by Julie Reverb
Calamari Press, 2015
113 pages, $13.00
Reviewed by Gabino Iglesias
Julie Reverb’s No Moon is my sixth or seventh Calamari Press title, and the one I feel best embodies the press’ vision and aesthetic. At once a noir-esque exploration of longing and psychological/emotional grime and a celebration of language delivered in bursts of prose that feel like poetry, No Moon offers readers a bizarre narrative in which the most important elements of cohesion are surprise and verbal acrobatics. This is a book in which many individual passages act like tiny art/performance pieces that add up to something bigger than the sum of them.
No Moon is a single narrative in the sense that themes, spaces, and characters (Lucy and Bily) pop up repeatedly, but it can be better described a collection of vignettes that explore the darkest corners of the places where Britain’s underground clashes with suburbia. This is a book about being down and dealing with it, memories, and everyday life filtered through nihilism-tinged poetry. It’s also a hypersexual trip with borderline surreal touches and passages that seem to push the boundaries of acceptable connections and thought processes:
“The screen is on its last legs; the sound phoned in. The scene is played out as it plays out as Lucy lurches in front and pulls her g-string to the side. Her dance is dead, crab-legged. She’s lamb-pale behind a satin slip. The screen is at least house–maybe wale-sized. A whale’s eye is the size of a fist, or maybe a dustbin lid. Whales have long lashes, longer than cows. Pause here and picture their coy winks across deaf seas.”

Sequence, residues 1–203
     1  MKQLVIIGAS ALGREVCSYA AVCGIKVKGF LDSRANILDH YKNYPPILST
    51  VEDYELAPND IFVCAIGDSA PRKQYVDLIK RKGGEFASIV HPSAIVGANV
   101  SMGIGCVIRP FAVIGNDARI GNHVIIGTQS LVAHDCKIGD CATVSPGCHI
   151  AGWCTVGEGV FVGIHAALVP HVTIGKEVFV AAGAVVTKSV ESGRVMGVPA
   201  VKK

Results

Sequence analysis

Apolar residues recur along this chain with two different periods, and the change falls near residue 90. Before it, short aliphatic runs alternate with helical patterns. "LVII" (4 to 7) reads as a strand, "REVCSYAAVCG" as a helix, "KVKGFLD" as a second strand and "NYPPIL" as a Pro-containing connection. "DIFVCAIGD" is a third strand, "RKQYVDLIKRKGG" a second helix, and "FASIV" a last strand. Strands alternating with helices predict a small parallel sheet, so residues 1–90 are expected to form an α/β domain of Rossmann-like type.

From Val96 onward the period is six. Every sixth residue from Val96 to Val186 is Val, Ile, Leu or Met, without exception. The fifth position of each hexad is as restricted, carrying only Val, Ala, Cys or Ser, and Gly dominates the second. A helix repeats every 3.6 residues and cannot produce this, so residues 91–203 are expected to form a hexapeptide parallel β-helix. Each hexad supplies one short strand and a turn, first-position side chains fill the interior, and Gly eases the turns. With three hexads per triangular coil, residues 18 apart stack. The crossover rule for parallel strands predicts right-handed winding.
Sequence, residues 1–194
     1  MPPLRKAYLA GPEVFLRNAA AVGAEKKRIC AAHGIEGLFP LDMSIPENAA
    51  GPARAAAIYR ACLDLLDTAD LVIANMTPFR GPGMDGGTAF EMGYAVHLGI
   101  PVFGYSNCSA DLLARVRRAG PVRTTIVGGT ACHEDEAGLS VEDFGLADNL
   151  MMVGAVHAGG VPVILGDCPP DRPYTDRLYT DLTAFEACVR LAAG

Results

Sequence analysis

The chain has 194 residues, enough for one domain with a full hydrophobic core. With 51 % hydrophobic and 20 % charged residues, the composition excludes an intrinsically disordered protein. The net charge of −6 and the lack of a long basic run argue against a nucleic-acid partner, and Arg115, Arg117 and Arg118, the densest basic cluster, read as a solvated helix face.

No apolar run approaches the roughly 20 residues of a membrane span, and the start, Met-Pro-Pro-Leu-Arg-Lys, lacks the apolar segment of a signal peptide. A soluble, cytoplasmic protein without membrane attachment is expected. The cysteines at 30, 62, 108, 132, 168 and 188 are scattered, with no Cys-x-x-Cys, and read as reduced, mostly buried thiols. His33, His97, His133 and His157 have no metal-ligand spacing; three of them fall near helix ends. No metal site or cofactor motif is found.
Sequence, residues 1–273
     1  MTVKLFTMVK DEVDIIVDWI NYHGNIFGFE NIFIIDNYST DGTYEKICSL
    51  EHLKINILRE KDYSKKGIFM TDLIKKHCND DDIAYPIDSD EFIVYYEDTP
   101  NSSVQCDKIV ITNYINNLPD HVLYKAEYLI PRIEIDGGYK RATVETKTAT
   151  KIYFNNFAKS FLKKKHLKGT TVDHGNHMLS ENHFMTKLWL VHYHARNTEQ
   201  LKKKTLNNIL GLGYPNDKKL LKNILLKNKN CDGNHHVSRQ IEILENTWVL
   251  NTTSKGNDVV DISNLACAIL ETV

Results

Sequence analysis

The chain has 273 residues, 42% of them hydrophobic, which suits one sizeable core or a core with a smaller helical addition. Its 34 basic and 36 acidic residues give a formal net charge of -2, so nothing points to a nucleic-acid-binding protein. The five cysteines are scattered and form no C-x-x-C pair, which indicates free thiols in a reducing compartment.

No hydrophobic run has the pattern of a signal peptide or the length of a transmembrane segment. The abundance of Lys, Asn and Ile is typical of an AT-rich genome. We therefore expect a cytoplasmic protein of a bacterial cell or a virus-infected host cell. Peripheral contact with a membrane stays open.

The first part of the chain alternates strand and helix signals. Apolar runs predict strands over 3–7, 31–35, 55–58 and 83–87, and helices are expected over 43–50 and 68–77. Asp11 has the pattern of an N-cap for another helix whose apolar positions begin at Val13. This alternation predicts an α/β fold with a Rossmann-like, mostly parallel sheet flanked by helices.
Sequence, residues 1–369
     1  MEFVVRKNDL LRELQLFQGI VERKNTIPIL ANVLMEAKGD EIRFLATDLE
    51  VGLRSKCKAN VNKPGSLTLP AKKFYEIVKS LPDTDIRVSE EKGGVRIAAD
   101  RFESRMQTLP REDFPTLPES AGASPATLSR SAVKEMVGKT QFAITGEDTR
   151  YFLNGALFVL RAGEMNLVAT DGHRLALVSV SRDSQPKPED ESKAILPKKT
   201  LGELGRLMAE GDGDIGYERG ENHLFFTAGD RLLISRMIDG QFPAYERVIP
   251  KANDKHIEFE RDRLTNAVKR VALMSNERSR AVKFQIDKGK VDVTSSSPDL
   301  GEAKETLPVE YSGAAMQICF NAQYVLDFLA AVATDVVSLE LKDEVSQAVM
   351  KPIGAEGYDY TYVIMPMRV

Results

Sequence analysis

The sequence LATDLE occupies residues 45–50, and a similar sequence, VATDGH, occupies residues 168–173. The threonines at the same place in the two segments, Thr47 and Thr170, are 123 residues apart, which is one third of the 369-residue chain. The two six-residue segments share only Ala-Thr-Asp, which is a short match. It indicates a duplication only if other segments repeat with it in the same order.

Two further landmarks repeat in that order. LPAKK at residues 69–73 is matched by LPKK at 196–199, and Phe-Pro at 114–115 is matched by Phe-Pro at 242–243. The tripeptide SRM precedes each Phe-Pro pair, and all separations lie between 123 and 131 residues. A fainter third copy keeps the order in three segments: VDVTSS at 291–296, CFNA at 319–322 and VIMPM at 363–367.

Literary fiction has often been compared to jazz because, in some cases, there’s a special rhythm to it that allows authors to play around with “melody” within the same work, not to mention the musicality of the words. No Moon is one of those texts. Reverb has a knack for mixing rhythms and speeds that make reading her work a pleasure. While some stories are like frenetic staccatos that demand to be read as if your eyes are punching the page, there are also page-long paragraphs that are reminiscent of Dave Foster Wallace if he’d had a thing for unfiltered darkness and wrote from a small apartment in London.
What is being said in each page of No Moon is sometimes overshadowed by the way it’s being said. Calamari Press publishes work that breaks away from standard storytelling and plays around with language, but Reverb’s mixture of very real grit, dreamlike imagery, and linguistic fireworks come together to rival the stories. Once literature abandons storytelling and becomes only about acrobatics, interest tends to flee in the opposite direction. Thankfully, Reverb knows this and always pulls the reader back down to the ground before the explosions of poetic language turn into everything and swallow the narrative. That being said, the best moments in this short books come from passages in which both things meet:
“Near-naked dead-end regret brought to life and pawed by eyeless packs of graffitied bus stops. This is what goes on in the suburbs after sundown. An ape chorus bends and howls guernincally at what will only get worse in comfortable footwear. Pushy parents fine-tooth the programme on the front row. Tact stands in the wings in pissy knickers knock-kneeing and mouthing missed cues. The cripples at the starting line are ready for their close-ups. The getaway car is long gone.”
No Moon is packed with emotional harshness, grief, longing, dirty streets, nakedness, and the odor of stale piss. However, it’s also pregnant with unexpected moments of humor and magical moments of eloquence that outweigh the uncomfortable moments. This novel is at once unlike anything else out there and something that fits perfectly well in the bizarre and outstanding catalog of books published by Calamari Press.